It would really be awesome to take an HOA-related issue to a dedicated judge knowledgeable in HOA law and who has the power to issue injunctions and rulings, oversee elections, etc. and especially do so in a timely manner (not in a year like Superior Court). That really would be great.

KevinK7
(Florida)

Posts:1343


09/20/2016 6:24 AM  
Posted By LeilaniL on 09/19/2016 7:27 PM
Posted By TimB4 on 09/19/2016 5:46 PM
Richard,

I would amend your idea and have the funds pay a court judge and staff for the sole purpose of hearing cases against HOAs. Similar to small claims court but with more authority. Lawyers would be allowed but not required.

If there are enough funds, pay for additional judges/staff.





I really like this idea. In California, the law was recently amended to allow limited types of HOA issues in Small Claims, including certain election issues and access to HOA documents. However, few judges have knowledge of HOA law and I have not yet seen a case brought to small claims asking the judge for election rulings, injuunction relief related to elections, etc. It may have happened, but I haven't seen it. When I call the small claims clerks, they know nothing about taking HOA issues to small claims court.

It would really be awesome to take an HOA-related issue to a dedicated judge knowledgeable in HOA law and who has the power to issue injunctions and rulings, oversee elections, etc. and especially do so in a timely manner (not in a year like Superior Court). That really would be great.




I too would think that would be a great start.

In my petition to the state regarding my "HOA," the state approves HOA documents and determines whether or not to approve a revitalization, but it seems they refuse to interpret or even look into the legality of matters and operate under an assumption that everything provided to them is up to par. When I challenged them my attorney focused on some very specific issues, such as the fact that the HOA failed to get unanimous consent (or their stated 3/4s consent) because they filed duplicate or invalid joinder and consent forms or that there are decades of case law supporting my case regarding mandatory conversions. The state would not look at it because that was beyond their scope. They can approve anything put in front of them but that was it. I suppose they would only rule on administrative matters - as in the HOA and state dotting all their "I"s and crossing all of their "T"s.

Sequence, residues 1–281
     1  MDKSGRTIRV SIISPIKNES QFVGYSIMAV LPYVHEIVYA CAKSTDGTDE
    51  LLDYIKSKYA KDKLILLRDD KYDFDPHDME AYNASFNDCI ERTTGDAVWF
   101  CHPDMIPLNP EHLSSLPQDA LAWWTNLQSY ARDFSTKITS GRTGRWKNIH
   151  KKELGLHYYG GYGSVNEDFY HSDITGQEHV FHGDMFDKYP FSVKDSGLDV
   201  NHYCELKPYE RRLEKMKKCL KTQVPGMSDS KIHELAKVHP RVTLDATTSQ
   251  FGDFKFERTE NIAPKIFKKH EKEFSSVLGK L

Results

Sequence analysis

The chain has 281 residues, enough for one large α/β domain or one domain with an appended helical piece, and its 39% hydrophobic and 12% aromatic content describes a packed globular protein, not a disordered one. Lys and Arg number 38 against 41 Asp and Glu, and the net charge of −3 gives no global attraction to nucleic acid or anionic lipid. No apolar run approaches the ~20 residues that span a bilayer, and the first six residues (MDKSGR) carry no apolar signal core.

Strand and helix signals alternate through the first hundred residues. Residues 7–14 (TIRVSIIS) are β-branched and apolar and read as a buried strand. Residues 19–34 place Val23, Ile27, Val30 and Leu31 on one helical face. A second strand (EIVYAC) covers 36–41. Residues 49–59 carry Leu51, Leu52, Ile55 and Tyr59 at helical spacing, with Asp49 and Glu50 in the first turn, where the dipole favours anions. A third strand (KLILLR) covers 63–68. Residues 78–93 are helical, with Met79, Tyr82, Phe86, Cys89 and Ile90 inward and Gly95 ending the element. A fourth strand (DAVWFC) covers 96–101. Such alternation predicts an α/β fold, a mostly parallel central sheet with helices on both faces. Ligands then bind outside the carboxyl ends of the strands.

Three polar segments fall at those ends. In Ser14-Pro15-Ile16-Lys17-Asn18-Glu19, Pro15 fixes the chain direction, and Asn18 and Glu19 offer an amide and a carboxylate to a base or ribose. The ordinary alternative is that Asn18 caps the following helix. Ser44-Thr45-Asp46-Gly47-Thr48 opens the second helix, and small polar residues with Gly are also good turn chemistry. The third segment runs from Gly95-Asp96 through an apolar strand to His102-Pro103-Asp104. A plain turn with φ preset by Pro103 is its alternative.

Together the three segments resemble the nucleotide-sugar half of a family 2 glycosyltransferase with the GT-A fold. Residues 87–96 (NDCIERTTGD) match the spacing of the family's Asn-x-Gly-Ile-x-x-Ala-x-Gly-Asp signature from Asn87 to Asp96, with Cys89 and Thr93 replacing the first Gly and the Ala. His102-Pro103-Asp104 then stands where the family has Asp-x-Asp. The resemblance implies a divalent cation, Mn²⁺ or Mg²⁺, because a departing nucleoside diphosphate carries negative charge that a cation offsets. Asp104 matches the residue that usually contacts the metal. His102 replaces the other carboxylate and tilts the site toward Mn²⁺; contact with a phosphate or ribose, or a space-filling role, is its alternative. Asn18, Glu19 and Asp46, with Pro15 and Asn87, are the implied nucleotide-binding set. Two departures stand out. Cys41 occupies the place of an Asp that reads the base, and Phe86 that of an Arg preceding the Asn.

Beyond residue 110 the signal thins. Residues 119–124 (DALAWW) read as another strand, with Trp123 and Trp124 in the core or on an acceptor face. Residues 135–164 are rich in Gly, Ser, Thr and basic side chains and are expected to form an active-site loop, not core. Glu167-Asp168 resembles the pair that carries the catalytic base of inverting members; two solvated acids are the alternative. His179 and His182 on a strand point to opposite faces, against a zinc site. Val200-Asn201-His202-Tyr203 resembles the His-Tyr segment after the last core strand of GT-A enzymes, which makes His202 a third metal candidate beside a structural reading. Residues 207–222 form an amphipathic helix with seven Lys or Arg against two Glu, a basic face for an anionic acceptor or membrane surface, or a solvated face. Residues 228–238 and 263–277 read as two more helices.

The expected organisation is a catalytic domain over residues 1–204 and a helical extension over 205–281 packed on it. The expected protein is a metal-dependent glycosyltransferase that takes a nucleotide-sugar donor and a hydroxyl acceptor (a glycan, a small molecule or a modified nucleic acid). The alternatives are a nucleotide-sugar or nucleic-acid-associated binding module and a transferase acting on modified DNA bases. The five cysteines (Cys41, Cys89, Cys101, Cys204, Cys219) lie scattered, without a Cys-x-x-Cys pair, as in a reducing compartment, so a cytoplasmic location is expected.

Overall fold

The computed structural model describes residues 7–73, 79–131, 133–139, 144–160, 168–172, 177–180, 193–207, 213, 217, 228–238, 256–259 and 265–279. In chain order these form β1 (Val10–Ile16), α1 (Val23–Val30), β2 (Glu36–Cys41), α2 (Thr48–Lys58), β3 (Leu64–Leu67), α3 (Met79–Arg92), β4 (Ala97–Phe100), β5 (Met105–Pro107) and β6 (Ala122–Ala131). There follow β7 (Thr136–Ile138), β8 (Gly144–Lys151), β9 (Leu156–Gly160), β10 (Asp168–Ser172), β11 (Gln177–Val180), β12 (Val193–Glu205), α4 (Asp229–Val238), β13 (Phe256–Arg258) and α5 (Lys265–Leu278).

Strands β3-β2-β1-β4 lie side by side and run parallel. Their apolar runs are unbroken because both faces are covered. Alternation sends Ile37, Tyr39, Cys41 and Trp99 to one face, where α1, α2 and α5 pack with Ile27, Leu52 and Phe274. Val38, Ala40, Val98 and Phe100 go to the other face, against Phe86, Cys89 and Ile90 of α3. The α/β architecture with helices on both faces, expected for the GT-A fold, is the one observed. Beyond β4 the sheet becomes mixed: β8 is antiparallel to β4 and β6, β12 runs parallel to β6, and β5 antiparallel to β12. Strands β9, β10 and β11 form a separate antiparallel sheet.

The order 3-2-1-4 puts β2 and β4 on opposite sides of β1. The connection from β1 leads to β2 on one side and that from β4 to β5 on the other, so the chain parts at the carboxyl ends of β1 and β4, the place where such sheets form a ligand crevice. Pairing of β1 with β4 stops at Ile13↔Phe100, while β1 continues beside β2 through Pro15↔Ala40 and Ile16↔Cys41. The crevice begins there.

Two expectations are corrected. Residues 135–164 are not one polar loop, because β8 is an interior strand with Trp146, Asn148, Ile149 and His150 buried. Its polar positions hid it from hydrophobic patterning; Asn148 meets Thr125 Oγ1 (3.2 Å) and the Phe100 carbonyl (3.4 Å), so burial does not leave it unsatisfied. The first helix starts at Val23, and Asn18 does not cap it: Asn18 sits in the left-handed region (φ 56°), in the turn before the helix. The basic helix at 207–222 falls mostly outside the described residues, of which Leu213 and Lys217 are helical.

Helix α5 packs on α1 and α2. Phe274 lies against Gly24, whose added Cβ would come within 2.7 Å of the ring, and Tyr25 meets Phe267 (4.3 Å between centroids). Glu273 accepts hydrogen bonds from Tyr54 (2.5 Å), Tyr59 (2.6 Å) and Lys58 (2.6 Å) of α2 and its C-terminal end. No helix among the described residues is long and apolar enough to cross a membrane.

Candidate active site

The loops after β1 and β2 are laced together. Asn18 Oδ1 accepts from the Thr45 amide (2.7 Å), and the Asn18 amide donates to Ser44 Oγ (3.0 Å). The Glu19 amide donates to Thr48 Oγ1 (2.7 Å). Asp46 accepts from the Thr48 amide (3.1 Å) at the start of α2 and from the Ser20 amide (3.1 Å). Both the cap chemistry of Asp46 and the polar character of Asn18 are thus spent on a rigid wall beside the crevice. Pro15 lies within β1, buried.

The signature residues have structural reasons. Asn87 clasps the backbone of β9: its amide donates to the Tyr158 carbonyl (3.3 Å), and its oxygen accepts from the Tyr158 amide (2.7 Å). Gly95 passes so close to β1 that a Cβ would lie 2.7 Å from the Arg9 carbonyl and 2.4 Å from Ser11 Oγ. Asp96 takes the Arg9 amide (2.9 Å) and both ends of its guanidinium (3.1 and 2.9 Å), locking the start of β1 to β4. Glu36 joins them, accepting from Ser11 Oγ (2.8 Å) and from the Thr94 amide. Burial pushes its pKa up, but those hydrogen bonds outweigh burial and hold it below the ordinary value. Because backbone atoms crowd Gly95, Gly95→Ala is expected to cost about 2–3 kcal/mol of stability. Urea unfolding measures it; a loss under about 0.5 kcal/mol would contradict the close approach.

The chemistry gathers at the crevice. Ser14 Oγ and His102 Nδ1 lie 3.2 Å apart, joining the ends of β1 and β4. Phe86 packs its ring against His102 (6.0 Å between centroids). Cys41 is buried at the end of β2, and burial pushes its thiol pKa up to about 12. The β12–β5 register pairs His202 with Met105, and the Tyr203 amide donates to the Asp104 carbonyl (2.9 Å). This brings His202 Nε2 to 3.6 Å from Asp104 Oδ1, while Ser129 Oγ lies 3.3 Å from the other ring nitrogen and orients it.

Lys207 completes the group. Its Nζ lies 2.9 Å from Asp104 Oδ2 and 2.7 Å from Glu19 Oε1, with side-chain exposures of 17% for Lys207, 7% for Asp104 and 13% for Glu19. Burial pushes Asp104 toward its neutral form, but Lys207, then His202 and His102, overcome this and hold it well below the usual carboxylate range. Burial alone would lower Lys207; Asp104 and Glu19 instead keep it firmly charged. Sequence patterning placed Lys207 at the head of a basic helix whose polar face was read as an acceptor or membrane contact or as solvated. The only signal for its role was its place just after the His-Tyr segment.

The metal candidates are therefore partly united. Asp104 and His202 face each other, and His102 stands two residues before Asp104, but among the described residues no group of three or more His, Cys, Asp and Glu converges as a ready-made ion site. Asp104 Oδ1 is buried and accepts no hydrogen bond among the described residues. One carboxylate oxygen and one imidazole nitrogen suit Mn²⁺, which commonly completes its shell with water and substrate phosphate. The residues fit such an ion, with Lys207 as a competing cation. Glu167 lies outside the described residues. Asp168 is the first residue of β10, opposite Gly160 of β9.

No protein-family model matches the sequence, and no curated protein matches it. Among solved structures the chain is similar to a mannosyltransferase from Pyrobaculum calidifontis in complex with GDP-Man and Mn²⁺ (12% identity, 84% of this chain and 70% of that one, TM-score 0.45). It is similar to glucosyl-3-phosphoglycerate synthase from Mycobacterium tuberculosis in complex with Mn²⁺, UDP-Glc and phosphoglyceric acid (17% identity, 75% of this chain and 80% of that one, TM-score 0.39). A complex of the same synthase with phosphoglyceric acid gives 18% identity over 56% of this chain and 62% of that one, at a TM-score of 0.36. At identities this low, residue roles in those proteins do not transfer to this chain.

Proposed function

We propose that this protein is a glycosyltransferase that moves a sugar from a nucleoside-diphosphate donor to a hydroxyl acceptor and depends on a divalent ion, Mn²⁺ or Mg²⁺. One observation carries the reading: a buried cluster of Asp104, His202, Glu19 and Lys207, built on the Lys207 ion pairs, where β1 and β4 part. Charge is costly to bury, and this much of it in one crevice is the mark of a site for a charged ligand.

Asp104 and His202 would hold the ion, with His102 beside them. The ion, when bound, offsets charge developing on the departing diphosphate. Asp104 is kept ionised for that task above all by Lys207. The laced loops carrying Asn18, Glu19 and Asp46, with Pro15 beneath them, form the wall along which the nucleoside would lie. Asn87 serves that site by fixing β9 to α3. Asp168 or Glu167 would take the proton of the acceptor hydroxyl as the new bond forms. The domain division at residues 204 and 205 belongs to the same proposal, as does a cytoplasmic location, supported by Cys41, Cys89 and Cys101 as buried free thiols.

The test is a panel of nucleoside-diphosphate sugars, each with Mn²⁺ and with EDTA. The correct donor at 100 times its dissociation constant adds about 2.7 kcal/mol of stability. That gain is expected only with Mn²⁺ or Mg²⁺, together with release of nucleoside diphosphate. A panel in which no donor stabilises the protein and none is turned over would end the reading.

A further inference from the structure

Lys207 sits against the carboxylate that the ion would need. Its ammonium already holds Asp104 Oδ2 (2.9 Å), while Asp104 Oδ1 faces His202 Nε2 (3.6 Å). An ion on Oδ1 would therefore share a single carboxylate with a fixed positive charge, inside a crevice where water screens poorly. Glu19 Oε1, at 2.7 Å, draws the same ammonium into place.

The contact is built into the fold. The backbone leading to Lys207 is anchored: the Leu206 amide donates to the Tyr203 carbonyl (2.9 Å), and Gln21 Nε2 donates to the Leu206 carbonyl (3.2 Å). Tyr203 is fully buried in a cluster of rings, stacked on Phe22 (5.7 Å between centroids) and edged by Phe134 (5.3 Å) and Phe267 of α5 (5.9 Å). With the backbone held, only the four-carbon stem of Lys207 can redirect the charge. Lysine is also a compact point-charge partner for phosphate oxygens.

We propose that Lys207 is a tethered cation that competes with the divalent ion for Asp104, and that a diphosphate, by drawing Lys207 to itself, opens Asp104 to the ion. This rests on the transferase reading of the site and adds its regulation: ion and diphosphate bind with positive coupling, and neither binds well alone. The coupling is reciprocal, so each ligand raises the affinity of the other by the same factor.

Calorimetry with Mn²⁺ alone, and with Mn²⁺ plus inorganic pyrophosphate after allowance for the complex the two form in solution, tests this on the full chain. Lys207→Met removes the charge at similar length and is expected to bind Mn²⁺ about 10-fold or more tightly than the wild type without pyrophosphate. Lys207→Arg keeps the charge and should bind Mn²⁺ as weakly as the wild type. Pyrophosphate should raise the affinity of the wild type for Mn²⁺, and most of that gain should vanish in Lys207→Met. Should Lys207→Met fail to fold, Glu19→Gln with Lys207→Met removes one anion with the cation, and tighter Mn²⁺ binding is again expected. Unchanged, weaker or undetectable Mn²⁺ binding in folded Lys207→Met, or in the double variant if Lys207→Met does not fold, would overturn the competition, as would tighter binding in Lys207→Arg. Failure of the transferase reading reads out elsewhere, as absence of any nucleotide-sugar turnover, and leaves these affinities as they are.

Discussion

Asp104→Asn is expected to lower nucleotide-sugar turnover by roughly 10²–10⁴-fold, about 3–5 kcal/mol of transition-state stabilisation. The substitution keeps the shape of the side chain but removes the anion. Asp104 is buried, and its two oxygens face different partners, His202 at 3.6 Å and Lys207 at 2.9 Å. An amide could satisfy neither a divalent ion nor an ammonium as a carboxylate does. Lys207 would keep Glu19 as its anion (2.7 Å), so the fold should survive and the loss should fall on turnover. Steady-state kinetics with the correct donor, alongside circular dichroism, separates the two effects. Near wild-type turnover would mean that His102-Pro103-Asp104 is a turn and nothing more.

Now I have to take the matter to circuit court but who knows if I will get a judge knowledgeable in HOA matters. In my other community that went to court, the initial judge was one that I believe had more experience in family court matters. They dismissed the case against the HOA right off the bat. The second judge understood the finer points of HOA law in Florida and the plaintiff later prevailed.